Fruit Flies Could Hold the Key to Treating Alzheimer’s Disease

Fruit Flies Could Hold the Key to Treating Alzheimer’s Disease

Aussie researchers at the Australian National University, the University of Melbourne and the Walter and Eliza Hall Institute of Medical Research (WEHI) have decoded a genetic link to Alzheimer’s disease using fruit flies. Yup.

Alzheimer’s disease involves the genetic destruction of your memory and mental functions. It’s often associated with poor memory and not being able to immediately remember people, places or things, and eventually leads to the inability to do the simplest of tasks. There’s no cure, but treatment options exist.

But that doesn’t mean researchers aren’t looking into it and trying to learn as much as possible about the disease, with the hope of one day curing it. Just now, a team of Australian researchers have identified a genetic link to the disease using fruit flies.

“Currently, we don’t have good treatments for Alzheimer’s and we urgently need new options,” lead researcher Doctor Agalya Periasamy said.

“Our research offers a possible alternative avenue for development of much-needed therapeutic interventions for this devastating disease.”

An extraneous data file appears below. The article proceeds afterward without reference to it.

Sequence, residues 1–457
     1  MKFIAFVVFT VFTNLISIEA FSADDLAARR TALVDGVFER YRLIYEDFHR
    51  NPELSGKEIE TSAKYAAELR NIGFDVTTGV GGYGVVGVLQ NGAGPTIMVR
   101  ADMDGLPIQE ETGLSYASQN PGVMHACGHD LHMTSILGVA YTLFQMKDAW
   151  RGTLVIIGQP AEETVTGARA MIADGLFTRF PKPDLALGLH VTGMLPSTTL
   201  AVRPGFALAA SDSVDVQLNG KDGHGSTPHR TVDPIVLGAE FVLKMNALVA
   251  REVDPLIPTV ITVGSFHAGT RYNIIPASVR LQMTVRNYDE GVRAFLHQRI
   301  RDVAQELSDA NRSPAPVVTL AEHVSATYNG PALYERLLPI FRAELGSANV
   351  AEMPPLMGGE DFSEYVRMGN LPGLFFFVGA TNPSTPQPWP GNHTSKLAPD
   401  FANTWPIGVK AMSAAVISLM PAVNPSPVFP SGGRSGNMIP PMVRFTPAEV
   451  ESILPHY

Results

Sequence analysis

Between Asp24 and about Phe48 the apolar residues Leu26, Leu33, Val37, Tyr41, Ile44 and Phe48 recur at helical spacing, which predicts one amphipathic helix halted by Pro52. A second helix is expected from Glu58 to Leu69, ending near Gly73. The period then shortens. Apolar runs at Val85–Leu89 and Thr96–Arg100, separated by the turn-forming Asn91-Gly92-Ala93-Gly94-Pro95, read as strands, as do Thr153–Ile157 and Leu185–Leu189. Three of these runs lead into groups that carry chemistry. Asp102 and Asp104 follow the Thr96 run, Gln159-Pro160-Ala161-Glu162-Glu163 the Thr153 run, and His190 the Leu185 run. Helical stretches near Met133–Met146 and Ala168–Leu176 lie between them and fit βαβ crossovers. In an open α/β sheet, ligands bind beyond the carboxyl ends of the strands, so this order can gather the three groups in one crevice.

The team used a fruit fly model to explore connections between TOMM40 gene levels and Alzheimer’s. Fruit flies have an abundance of Tom40, which is created from the TOMM40 protein, in their eyes.

This gene is notably separate from the ‘Alzheimer’s gene’ (ApoE4), which is the strongest genetic indicator of late onset Alzheimer’s disease. It’s been hard to separate TOMM40 from ApoE4 up until now, with its own unique links to Alzheimer’s realised, such as brain shrinkage.

This link between fruit flies, high levels of TOMM40 and Alzheimer’s disease isn’t particularly new, however, this new research helps explain the link between the gene that produces TOMM40 and neurodegeneration.

The team has picked up a new understanding of how the TOMM40 gene leads to the death of neurons and “previously unexplored avenues for the development of new therapies”.

“We looked at the eyes of fly larvae under the microscope and found an increase in a protein that marks the activation of apoptosis, called ‘caspase-3’ in humans. This confirmed to us that apoptosis was the missing link we were looking for,” added Periasamy.

“If we can unpack this, we might be able to find a new way to intervene with the process to prevent neurons from dying,”

The research has potentially opened the door for cognitive disorder treatments.

You can read about Alzheimer’s, fruit flies and how they’re linked on the WEHI website, or the paper in Scientific Reports.

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